• Stage 7 is a redesigned version of the first game's Clock Tower final stage, updated to feature more of the design aspects that had later become associated with Clock Tower levels (moving gears, Medusa heads). Except for the final room, which is instead a shout-out to the final room in the Dracula Clock Tower in Castlevania III.
    • The secret area in Dracula's keep, accessed by jumping onto an invisible staircase, is a reference to a bug in the Famicom Disk version of Akumajō Dracula, where the player could keep walking up the stairs to the keep, into the open air after the stairs themselves had stopped, through the ceiling, and into a mire of glitched graphics.
    • The Clock Tower and Castle Keep were brought back in Symphony of the Night, with a few new rooms added.
  • Pink Means Feminine: Maria's dress.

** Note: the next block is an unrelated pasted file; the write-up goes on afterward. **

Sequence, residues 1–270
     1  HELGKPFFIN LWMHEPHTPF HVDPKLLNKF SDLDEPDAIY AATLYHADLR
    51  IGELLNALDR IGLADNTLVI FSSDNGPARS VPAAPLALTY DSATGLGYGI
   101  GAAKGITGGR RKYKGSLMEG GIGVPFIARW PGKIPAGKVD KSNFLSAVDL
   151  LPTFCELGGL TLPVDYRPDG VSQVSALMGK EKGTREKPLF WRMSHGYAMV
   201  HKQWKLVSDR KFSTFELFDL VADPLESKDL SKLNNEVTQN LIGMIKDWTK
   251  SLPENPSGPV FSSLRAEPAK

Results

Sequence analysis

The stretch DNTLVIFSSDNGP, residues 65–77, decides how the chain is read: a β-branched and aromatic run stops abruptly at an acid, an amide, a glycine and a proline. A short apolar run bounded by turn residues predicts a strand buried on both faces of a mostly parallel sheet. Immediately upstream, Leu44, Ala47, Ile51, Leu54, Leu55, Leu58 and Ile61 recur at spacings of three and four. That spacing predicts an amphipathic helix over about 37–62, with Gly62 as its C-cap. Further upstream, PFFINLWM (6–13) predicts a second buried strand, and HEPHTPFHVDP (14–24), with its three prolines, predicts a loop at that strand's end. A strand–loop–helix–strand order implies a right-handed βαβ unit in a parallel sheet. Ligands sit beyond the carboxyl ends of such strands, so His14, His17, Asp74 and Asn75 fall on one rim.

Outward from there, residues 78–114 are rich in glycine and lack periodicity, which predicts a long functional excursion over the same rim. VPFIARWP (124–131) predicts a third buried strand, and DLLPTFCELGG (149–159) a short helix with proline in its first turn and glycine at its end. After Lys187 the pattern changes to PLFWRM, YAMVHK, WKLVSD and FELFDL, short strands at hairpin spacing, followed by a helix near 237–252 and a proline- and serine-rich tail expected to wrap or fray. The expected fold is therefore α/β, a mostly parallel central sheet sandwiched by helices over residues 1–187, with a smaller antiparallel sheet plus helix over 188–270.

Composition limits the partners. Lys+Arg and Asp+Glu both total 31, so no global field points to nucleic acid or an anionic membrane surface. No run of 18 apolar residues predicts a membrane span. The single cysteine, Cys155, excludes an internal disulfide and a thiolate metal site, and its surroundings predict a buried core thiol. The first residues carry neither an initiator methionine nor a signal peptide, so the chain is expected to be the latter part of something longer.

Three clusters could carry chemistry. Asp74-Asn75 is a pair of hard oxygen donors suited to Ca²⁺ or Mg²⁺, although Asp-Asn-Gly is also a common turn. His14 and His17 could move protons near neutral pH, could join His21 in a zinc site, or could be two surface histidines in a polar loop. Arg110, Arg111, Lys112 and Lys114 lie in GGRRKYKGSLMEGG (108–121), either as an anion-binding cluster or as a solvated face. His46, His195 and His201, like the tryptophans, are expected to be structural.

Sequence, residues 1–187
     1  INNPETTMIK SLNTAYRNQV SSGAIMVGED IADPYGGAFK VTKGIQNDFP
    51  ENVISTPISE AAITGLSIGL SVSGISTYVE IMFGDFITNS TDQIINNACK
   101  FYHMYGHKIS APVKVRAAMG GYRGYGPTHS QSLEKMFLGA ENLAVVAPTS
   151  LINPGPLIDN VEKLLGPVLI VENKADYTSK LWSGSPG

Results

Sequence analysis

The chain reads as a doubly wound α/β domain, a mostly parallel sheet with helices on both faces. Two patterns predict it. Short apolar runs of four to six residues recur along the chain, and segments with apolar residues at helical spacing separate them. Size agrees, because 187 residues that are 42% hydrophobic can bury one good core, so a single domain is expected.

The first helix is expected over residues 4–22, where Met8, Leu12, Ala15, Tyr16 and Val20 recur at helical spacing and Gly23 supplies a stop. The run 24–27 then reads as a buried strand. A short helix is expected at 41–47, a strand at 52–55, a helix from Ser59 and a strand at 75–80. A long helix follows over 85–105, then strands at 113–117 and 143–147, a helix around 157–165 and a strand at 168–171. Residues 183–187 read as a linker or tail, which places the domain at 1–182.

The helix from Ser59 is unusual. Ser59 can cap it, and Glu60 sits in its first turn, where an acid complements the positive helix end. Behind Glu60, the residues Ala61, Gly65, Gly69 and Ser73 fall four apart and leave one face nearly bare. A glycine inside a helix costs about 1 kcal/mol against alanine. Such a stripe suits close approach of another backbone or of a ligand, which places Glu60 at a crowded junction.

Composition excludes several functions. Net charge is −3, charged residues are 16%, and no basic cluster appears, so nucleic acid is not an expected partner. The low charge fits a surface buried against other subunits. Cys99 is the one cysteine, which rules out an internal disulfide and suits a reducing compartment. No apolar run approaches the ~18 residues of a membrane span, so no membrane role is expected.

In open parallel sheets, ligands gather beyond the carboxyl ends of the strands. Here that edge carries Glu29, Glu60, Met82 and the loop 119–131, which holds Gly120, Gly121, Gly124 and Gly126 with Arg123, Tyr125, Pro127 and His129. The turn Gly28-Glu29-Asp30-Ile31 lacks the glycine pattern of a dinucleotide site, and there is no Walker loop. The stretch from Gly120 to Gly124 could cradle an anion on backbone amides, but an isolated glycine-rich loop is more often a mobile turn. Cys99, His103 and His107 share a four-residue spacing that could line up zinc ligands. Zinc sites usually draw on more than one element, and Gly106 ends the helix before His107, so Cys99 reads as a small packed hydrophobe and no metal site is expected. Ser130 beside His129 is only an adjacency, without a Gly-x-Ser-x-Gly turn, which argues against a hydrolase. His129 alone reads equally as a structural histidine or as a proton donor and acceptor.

• Rain of Blood: Jack's death animation is this. Also, in the Dracula X Chronicles, one of True Dracula's attacks is a blood storm.
  • Reformulated Game: The SNES version, Castlevania: Dracula X. Since the SNES version was made on a 16-Megabit (2-Megabyte) cartridge, while the PC Engine version was a CD-ROM game (540-Megabyte), a straight port was pretty much impossible, so the stages were replaced completely to fit into the smaller ROM size. The plot is pretty much the same, except that Maria and Annette were now sisters, the other two girls are missing, and Shaft is nowhere to be seen. Maria is no longer a playable character; when she is rescued, she simply wishes Jack luck.
  • Secret Level: Stage 5', which is only accessed after beating the game at least once (in the PC-Engine CD version), or by defeating Death in Stage 5 (in The Dracula X Chronicles).